Chuck Jaffee: Film festival examples of excellence
August 14, 2009
You might not think of a short film being excellent. At least, it might not enter your mind that a 10 minute film would stack up to the impact of a full length feature. In this and other ways, aspiring short films face a tougher challenge than feature films.
That said, “Birthdate,” is an excellent short amongst several inviting programs of shorts at the ninth Nevada City Film Festival, Aug. 20-23.
Throughout its 10 minutes, you care how a middle-aged woman and a young man handle themselves and where the connection will lead. You care how emotional and controversial the sparks are in “Birthdate.”
The woman has contrived to reenter the life of the son she gave away when he was a newborn. The confident college student advances what he thinks is a chance encounter with an alluring older woman.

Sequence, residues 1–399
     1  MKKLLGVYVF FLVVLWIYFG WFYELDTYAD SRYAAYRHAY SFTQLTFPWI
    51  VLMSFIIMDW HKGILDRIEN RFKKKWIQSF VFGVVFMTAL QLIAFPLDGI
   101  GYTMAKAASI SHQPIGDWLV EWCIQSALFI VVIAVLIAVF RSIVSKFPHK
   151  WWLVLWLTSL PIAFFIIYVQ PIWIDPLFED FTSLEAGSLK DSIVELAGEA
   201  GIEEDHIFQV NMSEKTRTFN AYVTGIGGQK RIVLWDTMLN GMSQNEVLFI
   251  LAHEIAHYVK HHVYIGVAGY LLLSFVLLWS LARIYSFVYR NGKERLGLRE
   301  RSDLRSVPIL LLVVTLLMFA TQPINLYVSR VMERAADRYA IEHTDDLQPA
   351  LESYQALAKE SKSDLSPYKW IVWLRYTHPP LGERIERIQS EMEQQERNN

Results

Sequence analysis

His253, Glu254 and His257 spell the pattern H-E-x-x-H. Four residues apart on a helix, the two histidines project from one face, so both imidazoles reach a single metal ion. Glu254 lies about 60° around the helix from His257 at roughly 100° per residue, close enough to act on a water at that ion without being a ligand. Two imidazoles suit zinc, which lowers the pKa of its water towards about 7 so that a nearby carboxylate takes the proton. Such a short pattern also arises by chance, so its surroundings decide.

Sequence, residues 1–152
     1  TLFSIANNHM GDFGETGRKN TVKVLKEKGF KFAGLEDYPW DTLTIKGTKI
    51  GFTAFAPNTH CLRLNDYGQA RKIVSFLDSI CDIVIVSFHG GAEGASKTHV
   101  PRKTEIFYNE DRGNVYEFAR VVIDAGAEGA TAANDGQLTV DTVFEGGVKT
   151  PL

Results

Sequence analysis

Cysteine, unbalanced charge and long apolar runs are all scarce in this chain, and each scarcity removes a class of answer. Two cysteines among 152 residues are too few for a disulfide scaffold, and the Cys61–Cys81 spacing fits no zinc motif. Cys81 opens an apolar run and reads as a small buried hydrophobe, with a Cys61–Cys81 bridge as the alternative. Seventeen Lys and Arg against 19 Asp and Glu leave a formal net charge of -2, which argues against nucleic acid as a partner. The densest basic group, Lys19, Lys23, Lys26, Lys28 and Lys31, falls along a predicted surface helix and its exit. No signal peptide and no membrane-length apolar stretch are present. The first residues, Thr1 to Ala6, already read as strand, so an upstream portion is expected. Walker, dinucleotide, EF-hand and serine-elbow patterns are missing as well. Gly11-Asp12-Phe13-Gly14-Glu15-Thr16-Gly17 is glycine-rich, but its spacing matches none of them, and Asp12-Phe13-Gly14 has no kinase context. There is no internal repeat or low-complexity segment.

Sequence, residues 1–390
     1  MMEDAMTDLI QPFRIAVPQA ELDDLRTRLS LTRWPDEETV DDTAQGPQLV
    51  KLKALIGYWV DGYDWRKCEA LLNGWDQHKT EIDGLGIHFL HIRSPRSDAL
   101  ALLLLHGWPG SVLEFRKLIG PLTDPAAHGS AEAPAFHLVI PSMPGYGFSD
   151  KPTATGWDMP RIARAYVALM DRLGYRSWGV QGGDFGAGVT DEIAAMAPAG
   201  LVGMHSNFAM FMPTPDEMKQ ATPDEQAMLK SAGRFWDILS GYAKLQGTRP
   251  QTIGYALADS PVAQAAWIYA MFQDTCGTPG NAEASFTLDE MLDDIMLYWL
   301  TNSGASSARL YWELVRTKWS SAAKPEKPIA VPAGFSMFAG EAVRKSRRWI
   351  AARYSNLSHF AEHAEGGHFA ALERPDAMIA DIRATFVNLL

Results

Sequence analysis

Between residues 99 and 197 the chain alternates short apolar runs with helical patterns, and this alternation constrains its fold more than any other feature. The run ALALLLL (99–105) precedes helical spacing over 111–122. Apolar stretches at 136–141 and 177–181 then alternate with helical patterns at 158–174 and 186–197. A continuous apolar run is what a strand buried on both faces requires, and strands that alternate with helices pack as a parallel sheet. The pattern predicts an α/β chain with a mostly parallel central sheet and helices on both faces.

Everything in this compact story works: Not only the casting and the acting, the story’s arc and its conclusion, but also the low key effort to travel this filmmaking edge.
Excellence is probably a harder threshold to cross in a funny short, especially in the slacker tradition that garners so much easy box office in feature length films. “Be Good” – another standout in the film festival lineup of shorts – is hilarious. It is not a small point that the filmmakers right-sized this slacker short where feature films typically stumble early or stretch unavoidably into relative mediocrity.
In “Be Good,” a party animal wakes up after his thirtieth birthday celebration and decides to turn his life into something more substantive. He decides to do good in the world. He implements his sincerely lame and shallow ideas ineptly.
True to slacker film framing, unlikely romance is in offing. However, savvy scripting relegates getting-the-girl to a proportionately incidental aspect of the laugh-out-loud fun.
Look for a variety of satisfactions spotted with excellence in the dozens of short films at the Nevada City Film Festival.